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I normally enjoy snowstorms, but I am not on speaking terms with snow right now because last week’s inclement weather delayed the delivery of this week’s comic books. Had I known what the snow was withholding from us, I’d have been out on the freeways personally shoveling a path for the trucks, because oh boy is there some good stuff this week: Girl Haven is destined to become one of those dog-eared books that many people will keep on their shelves close at hand to re-read for years; Stray Dogs blends adorable talking animals with a gut-wrenching mystery; and Marvel Voices Legacy features superheroes and Black joy.

As always, thanks to Phoenix for the recommendations (support your local comic shop, plz & thx), and if someone could arrange for inclement weather not to delay great literature and art in the future that would be great.


STRAY DOGS

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I was absolutely prepared to be annoyed by this book, unpleasantly described as “Lady and the Tramp meets Silence of the Lambs.” Oh, it’s cute art of big-eyed talking dogs but they’re also doing EDGY things? Groundbreaking. Imagine my dismay to discover it is, in fact, one of my favorite issue-ones in recent memory. A better comparison would be to call it Alfred Hitchcock’s Disney Afternoon, a prettily-drawn story of skillfully woven intrigue. It does indeed have an innocent young-readers look (it is not for young readers), with a small dog named Sophie arriving at a home for rescued strays. The other dogs show her around, and although the new home seems lovely, something — it’s impossible to say what — is clearly amiss. There’s a mystery to unravel, one that seems likely to grow quite unpleasant, but the book wisely does not lean tediously on the gimmick of cute-plus-dark; instead, the reader can simply enjoy the unfurling of a tense thriller.



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Somewhere out there is a book — and you may have already found it, or you may still be looking — that will bring you so much comfort and contentment that you will own it for the rest of your life. Everyone’s is different; some people are fortunate enough to have more than one (I’ve been lucky enough to form an attachment with two, The Hitchhiker’s Guide to the Galaxy and Neverwhere); and though your relationship may change, it will never end.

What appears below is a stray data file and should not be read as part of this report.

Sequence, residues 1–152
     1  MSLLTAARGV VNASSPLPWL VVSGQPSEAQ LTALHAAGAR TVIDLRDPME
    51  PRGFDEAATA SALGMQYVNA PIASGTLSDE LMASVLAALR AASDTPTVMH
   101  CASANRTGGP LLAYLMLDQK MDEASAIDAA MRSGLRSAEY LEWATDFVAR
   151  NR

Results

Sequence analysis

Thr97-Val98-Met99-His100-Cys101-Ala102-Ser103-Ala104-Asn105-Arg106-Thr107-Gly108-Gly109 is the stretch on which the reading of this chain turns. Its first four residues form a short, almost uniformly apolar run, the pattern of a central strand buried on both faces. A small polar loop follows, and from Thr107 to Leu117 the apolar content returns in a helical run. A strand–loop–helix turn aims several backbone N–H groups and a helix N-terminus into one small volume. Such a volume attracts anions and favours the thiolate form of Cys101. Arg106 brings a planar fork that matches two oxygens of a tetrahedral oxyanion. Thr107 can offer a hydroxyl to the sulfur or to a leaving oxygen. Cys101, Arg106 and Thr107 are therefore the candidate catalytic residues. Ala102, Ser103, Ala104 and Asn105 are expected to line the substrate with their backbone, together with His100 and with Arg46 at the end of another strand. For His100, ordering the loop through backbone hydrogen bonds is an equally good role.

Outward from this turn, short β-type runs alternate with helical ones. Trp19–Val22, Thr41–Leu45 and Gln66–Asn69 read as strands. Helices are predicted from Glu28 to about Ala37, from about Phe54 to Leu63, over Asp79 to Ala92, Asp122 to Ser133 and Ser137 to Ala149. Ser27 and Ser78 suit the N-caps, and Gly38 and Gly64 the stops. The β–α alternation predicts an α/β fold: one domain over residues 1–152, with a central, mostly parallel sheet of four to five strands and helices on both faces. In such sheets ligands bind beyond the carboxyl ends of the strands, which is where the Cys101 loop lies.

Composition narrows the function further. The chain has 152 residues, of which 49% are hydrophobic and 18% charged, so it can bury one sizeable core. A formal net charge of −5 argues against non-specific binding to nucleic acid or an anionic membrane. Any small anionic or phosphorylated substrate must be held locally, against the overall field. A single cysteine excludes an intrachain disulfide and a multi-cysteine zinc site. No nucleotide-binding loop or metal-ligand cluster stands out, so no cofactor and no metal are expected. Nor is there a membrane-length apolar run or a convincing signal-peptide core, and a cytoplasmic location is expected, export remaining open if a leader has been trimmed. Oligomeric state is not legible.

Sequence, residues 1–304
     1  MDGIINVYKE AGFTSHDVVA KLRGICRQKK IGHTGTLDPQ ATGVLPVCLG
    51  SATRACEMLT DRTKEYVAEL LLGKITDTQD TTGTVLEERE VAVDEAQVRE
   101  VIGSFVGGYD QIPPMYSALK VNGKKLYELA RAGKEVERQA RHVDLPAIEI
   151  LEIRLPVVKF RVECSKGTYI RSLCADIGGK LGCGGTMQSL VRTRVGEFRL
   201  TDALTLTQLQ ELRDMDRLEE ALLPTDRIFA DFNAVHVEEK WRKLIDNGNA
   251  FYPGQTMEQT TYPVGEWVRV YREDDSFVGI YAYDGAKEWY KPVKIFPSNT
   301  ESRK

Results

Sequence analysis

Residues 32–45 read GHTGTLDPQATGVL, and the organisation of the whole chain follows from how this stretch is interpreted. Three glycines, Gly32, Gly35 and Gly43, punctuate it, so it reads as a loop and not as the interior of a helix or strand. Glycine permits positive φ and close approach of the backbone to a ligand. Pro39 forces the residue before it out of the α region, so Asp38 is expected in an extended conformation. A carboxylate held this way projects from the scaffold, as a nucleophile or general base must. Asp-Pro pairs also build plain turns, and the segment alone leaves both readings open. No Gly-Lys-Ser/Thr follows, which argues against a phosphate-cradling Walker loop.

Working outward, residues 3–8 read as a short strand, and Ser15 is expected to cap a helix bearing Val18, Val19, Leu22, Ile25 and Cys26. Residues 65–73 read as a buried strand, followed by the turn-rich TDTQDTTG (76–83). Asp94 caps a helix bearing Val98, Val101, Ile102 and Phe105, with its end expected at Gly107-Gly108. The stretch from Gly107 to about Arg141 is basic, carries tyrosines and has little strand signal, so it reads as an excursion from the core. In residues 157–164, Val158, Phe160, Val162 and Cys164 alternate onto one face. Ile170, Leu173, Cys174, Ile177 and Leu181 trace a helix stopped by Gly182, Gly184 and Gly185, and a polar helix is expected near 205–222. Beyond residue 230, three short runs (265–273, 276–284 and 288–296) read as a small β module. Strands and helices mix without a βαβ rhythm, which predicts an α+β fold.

Girl Haven, a new graphic novel by Lilah Sturges, will be that book for many, many, many people.

The story begins with Ash, a young person whose mother walked away from the family a few years prior. One of the things she left behind was her childhood writings about Koretris, a fantasy world where only girls are allowed. With a group of friends, Ash recites a spell from those writings, and they all find themselves suddenly transported to Koretris — which is a bit mysterious, given that everyone has always called Ash a boy.

There’s a fascinating intertwining of tensions in this book: First, there’s the delightful fantasy exploration of a magic world, which is top-notch; but there is also the curious exploration of Ash’s true identity. What does it mean that the magic seemingly allowed a boy into a world only meant for girls?

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Though the story is tagged as “middle grade,” I suspect it will connect with all ages, particularly with readers who are (or who know someone who is) on a journey through the spectrum between boyhood and girlhood. This book is a great gift, and I look forward to seeing well-loved dog-eared copies on my friends’ shelves.



MARVEL VOICES LEGACY

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More of this, please! Marvel Voices: Legacy is a seven-story anthology celebrating Black authors and characters, and there’s not a single dud among them. It’s a perfect starting point for newcomers; even if you know nothing about these characters, you’ll be able to follow along. The stories are short, giving you just a few pages to enjoy time with Spiderman, Blade, Storm, Black Panther, and a handful of friends; it’s a particular pleasure to see Ms. Marvel, Ironheart, and Shuri spending time together. And no spoilers, but if you’re all caught up on Wandavision, this is an excellent place to deepen your relationship with one of the show’s main characters, with a mother-daughter story that’s quite touching. A little side-benefit here is that the seven stories are like seven master-classes in economical storytelling, since each manages to land a punch in just a handful of panels — just great stuff all around. You’ll put down the book feeling extremely satisfied.


ALSO:

A few other titles of note this week: Volume IV of November just came out — a gritty, violent noir story of one rough night in a big city. This is the conclusion, so if you were waiting, now’s the time to grab the whole set. Also new from Image is Two Moons, in which a Civil War soldier is confronted by visions of ghosts amidst the battles. The first trade paperback of Department of Truth is out this week. And I’m intrigued by volume 2 of Some Strange Disturbances, a continuation of a Victorian horror noir with a queer twist, by local writer Craig Hurd-KcKenney.